Now the Lady-of-the-house pays her biggest compliment. In most so-called Christmas films the name of Christ is commonly not given a holiday-glimmer-of-a-mention. This film, however, breaks secular rules. It includes the singing of Silent Night. Moreover, characters seem to comfort themselves by it. In his story Dickens refers only to the singing of a “Christmas song.” Was it Stephen Warbeck, responsible for the music, who specified Silent Night? If so bless him. The Lady-of-the-house cherishes all its verses and ends this post with the third verse. When lighting her candles she thinks of them. 

Silent night! Holy night!
Son of God, love’s pure light
Radiant beams thy holy face,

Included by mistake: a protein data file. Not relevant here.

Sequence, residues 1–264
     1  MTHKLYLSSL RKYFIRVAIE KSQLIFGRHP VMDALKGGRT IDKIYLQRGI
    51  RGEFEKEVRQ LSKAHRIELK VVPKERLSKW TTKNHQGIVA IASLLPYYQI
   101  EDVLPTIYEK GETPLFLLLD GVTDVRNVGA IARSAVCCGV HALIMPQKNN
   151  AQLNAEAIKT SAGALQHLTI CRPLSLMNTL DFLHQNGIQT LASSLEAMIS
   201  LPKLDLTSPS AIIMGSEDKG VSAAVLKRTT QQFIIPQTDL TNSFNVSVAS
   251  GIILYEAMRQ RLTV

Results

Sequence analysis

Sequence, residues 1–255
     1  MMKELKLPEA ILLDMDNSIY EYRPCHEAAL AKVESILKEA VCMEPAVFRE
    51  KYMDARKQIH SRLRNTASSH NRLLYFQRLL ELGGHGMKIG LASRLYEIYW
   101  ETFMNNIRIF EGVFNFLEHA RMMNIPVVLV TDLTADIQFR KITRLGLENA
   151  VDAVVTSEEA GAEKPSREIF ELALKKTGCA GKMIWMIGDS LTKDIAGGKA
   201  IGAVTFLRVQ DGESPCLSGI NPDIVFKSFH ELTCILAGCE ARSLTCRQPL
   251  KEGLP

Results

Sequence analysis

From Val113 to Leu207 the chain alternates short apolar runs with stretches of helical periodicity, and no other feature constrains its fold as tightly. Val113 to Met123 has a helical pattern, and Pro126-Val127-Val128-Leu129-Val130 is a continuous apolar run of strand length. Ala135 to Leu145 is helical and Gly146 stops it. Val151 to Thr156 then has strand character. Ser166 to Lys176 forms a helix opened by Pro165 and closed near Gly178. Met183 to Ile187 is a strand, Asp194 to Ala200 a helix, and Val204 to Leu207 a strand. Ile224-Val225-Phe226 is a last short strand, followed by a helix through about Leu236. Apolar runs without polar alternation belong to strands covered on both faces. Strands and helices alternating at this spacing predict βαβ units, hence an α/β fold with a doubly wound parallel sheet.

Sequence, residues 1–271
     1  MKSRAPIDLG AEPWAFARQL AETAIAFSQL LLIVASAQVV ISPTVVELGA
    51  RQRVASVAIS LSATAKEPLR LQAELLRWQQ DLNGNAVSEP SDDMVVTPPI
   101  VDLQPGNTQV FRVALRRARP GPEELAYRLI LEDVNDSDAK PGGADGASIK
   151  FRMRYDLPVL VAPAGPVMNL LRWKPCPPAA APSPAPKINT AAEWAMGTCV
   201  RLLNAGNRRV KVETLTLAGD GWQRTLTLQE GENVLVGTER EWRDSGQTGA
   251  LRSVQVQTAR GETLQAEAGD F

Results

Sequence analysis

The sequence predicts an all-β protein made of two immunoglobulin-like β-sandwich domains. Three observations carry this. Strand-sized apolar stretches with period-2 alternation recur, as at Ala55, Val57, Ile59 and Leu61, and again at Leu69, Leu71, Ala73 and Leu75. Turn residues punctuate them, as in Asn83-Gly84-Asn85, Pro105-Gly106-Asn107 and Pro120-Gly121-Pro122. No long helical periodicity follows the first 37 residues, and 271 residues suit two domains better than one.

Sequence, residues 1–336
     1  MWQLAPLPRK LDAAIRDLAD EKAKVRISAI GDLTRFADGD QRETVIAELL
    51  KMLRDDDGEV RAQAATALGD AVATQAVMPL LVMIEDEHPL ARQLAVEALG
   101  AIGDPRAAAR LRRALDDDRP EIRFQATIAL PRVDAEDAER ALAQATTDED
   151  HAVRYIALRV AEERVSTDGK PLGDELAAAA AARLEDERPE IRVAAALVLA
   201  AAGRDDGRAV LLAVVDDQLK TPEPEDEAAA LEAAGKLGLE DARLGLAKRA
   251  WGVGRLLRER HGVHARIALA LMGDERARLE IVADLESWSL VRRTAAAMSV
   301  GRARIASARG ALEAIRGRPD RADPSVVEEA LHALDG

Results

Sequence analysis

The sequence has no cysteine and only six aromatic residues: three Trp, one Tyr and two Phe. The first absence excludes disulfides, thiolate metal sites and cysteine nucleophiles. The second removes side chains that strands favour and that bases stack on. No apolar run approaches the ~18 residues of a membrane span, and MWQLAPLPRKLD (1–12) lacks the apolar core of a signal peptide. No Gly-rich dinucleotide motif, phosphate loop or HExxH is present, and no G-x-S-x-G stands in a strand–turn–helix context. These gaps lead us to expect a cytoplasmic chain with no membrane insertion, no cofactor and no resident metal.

With the dawn of redeeming grace,
Jesus, Lord at thy birth,
Jesus, Lord at thy birth.

Joseph Mohr (1792-1848)
John freeman Young (1820-85) translated the verses leaving out “for” making “beams” a verb not a noun.
Thoughts and Sentiments are Welcome
             Karen Andreola 

Sunday, November 28, 2010

Reading with Frog and Toad

Reading with Frog and Toad

    Of my three children, Sophia, was most fascinated with critters. When discovered, she wouldn’t leave them alone. Oh, the critters she had cornered. This is what happens when screen time is absent in the afternoons, I suppose. I am struck by the reality that this photograph is twenty years old. Caught in the act it reveals the quintessential Sophia. 

Early Reading
    What do you recommend for young children to read? At this request a set of early readers spontaneously comes to mind: those written and illustrated by Arnold Lobel. I photographed our oft-read copies outdoors on a leafy October day along with Arnold Lobel’s popular characters. 

    Some of you know our family has been writing book reviews for more than ten years. Here is a sneak preview of Sophia’s review.

frog and toad books

Sophia’s Recommendation